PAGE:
December 30, 2012

{A Romance with Self}

[At this time of year, here's a lovely way to end something completing and begin something anew—“A Romance with Self” ... an excerpt from my book-in-progress, The End of the Fairy-Tale Bride....enjoy!]


Like so many characters in a Jane Austen novel, some people sell themselves short in the area of romance, not considering themselves worthy of what their hearts truly desire. They make an “arrangement” where they settle for something meager with no romance at all, with nothing that lights them up. In Pride and Prejudice, Elizabeth Bennet’s dear, rather plain friend Charlotte Lewis considers it “best not to know too much” when considering the slim possibilities of marriage—a rather necessary state for women in a world at that time where their legal rights and education opportunities were suppressed. Women had learned they were not able to trust a societal system that had let them down in so many ways. A humble Charlotte to a bold Lizzie:

I am not romantic, you know. I never was. I ask only a comfortable home; and considering Mr. Collins’ character, connections, and situation in life, I am convinced that my chance of happiness with him is as fair as most people can boast on entering the marriage state.


We are all worthy of being a full partner in our relationships and in marriage—even a royal one! Full partnership, however, requires an open heart, trusting in yourself, asking for what you want, and a forgiving spirit. It takes a lot of courage not to “settle” for things in our life—whether choosing a single life or one with a partner. If what your heart desires is being deeply related to another who recognizes and accepts who you are just the way you are, then it’s not the romance that gets you there—although its passion can warm your heart at first. It is intimacy that guides you into the openings for this kind of love.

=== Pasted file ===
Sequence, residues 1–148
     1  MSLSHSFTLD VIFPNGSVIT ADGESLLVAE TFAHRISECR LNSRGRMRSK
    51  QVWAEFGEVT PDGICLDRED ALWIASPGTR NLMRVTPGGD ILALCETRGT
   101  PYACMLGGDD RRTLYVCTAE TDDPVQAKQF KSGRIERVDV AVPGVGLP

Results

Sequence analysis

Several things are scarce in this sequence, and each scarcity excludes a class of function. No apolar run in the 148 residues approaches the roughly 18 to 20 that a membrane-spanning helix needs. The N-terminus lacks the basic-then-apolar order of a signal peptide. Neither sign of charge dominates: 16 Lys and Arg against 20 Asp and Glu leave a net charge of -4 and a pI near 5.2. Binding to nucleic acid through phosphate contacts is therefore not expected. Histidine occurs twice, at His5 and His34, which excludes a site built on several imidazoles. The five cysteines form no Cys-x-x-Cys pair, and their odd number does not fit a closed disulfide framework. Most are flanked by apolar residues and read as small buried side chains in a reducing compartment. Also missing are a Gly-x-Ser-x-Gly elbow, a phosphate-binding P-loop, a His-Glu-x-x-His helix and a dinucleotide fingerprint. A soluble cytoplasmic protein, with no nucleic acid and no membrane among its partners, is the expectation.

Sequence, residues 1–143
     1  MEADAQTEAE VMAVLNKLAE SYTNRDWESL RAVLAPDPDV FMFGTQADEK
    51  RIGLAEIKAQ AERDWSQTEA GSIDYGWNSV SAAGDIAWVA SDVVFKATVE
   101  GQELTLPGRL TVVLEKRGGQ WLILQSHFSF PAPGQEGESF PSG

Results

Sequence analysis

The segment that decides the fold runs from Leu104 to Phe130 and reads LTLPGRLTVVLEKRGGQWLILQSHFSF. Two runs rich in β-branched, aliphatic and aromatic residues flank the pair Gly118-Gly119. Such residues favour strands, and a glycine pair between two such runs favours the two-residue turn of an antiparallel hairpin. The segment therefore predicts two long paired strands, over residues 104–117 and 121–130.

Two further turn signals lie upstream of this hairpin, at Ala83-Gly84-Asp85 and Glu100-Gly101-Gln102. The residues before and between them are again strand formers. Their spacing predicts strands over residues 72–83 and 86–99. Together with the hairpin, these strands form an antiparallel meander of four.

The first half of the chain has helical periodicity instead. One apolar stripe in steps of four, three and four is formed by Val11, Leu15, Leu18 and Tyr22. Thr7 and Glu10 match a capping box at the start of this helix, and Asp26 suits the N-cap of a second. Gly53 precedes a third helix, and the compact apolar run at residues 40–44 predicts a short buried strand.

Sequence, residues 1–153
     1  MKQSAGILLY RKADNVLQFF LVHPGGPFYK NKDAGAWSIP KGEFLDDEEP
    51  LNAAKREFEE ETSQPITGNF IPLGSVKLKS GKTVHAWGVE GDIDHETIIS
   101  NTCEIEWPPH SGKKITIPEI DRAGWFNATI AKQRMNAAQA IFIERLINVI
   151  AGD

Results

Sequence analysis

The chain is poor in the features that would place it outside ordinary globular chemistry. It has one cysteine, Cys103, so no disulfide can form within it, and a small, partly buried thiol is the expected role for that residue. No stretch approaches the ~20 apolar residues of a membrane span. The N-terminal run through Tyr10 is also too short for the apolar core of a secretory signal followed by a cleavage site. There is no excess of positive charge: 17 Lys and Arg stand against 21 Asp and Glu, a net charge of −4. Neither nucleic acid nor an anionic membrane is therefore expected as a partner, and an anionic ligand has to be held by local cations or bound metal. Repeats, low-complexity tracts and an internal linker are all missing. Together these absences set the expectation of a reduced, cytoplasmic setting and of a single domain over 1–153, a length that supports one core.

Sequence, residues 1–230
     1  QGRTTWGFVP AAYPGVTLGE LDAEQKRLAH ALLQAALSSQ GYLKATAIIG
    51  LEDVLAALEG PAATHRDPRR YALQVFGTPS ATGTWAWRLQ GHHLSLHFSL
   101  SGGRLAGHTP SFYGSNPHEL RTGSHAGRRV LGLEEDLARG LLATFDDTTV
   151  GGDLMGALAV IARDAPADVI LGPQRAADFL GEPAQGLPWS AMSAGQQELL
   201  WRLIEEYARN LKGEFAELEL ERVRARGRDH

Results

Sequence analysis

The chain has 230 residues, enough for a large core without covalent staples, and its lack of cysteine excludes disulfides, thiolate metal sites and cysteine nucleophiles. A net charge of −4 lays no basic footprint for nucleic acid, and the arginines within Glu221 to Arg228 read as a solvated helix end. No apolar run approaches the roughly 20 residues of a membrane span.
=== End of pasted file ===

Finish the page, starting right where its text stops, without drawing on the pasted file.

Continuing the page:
What if Princess Diana had realized that romance was just the first step in a relationship—a way to “warm up” for the harder stuff? What if she had been able to see romance as a way to soften the heart when expectations fall short? What if she had been willing and able to recreate the love she felt over and over, like a “soulful romance,” giving her relationships a chance to grow? What if she could have loved herself in a way that love for a partner was fully given and fully received? Where do you see yourself in this scenario?

Oscar Wilde said: “To love one’s self is the beginning of a life-long romance.” This is one way where I see romance having an authentic, vibrant role in our everyday lives. When we allow every moment to be a precious gift—with or without a partner, no matter our circumstances—and learn to love ourselves just the way we are. Like a romance with self! Then every moment is an “enthusiasm” as Webster’s definition reads and, as author Ann Albers so beautifully expresses, “cooking becomes an act of love, cleaning an act of harmony, work an act of self-expression. Our life would be a romance with self, a romance with the divine, a romance with every moment in time.” Amen. ~
 
[At this time of year, here's a lovely way to end something completing and begin something anew—“A Romance with Self” ... an excerpt from my book-in-progress, The End of the Fairy-Tale Bride....]

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